So Cal education, LAUSD, the Cal States and the UCs

LAUSD tries to move away from 'one-size-fits-all' approach to teaching

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LAUSD teachers and administrators have started training sessions that the district says will help them move away from a “one-size-fits-all” approach.

LAUSD teachers and administrators have started training sessions that the district says will help them move away from a “one-size-fits-all” approach to educating students.

Parents, teachers and school administrators have complained for years that they feel restricted by the district’s lengthy rules and regulations, and by union teacher and administrator contracts. But all three groups have now signed an agreement that’ll let schools decide on an instruction model that best suits their needs. 

Rachel Bonkovsky, who manages instructional support services for LAUSD, says schools can operate autonomously under all three of districts new education plans.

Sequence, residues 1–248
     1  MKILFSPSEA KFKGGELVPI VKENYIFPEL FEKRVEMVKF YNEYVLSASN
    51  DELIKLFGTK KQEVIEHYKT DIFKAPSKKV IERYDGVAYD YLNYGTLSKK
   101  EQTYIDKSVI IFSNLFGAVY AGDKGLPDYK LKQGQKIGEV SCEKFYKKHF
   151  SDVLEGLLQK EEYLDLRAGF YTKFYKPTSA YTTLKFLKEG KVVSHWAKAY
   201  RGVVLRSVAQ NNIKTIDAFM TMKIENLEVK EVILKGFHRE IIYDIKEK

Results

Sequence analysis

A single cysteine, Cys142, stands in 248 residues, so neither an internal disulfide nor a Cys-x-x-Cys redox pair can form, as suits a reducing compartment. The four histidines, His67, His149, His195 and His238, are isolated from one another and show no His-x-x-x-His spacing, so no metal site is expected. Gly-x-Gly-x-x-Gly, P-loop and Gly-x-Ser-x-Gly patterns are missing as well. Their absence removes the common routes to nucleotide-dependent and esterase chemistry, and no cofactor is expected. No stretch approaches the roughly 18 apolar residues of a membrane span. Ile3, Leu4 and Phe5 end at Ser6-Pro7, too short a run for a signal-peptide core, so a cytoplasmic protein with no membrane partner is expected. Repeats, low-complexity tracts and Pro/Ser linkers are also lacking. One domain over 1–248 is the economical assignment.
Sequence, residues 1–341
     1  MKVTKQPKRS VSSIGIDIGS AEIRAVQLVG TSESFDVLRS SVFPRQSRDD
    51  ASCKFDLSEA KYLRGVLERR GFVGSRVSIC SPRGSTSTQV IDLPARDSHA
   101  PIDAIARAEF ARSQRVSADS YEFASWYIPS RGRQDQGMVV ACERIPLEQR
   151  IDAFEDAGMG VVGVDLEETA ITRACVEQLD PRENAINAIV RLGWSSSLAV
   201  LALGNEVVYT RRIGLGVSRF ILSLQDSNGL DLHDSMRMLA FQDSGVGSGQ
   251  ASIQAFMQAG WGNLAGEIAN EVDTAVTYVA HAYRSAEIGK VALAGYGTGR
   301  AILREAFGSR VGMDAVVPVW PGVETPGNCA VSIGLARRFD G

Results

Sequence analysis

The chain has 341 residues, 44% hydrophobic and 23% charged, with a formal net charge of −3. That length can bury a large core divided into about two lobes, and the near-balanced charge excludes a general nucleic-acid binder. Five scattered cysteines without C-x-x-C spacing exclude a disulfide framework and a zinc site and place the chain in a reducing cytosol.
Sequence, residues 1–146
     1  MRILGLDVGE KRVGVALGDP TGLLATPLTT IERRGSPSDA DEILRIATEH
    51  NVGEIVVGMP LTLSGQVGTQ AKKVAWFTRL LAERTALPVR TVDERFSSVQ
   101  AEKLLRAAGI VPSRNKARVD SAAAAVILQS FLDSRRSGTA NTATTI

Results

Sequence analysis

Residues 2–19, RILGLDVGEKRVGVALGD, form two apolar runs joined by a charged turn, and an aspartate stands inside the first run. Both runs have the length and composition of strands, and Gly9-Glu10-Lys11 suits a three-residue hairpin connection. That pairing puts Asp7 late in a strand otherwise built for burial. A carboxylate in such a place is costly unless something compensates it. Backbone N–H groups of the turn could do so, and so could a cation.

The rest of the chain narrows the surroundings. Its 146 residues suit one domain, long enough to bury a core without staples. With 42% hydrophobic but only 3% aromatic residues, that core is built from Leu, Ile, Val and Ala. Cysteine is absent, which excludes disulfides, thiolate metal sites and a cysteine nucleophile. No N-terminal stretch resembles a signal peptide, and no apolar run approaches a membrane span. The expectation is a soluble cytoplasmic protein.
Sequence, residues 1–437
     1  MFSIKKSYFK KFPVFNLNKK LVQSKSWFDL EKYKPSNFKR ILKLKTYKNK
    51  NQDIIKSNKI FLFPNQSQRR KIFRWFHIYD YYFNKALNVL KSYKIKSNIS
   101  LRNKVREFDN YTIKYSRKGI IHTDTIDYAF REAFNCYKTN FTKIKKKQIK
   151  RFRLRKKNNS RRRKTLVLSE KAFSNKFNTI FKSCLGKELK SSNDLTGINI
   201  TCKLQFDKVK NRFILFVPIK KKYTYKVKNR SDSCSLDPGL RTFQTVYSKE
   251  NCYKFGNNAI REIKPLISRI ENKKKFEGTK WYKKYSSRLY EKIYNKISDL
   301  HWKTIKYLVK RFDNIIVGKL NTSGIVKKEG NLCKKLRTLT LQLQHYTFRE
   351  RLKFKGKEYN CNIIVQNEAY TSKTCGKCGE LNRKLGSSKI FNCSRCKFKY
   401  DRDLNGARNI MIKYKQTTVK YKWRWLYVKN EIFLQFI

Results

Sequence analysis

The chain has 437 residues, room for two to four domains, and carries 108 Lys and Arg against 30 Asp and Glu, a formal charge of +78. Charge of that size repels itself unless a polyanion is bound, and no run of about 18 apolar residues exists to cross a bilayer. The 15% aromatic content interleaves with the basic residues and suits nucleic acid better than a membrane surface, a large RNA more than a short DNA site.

"They all share a number of similarities," says Bonkovsky. "I think the best way to think about this is that we have schools that have freedoms from the district and then we have schools that have some freedoms from the union contracts."

Bonkovsky says the model called “Expanded School Based Management” allows the most freedom from district policies. That means schools will be able to design their own assessment systems and choose their own curricula.

Pilot schools, on the other hand, are not bound to teacher or administrator contracts so they can set their own work hours and work conditions.  

"If I’m a teacher who wants to go and work at a pilot school, I annually sign a contract for that school," said Bonkovsky. "And the staff sit down and say, 'What are our hours going to be? What kind of duties do we agree to? What’s the vision of our school?' And as a teacher I would sign onto that vision and onto those responsibilities."

The Local Initiative Schools give administrators license to create their own process for choosing department chairs. 
All three models comply with state and federal laws. There’s no limit on the number of schools that can convert to these models — but LA Unified requires them to apply. 

 

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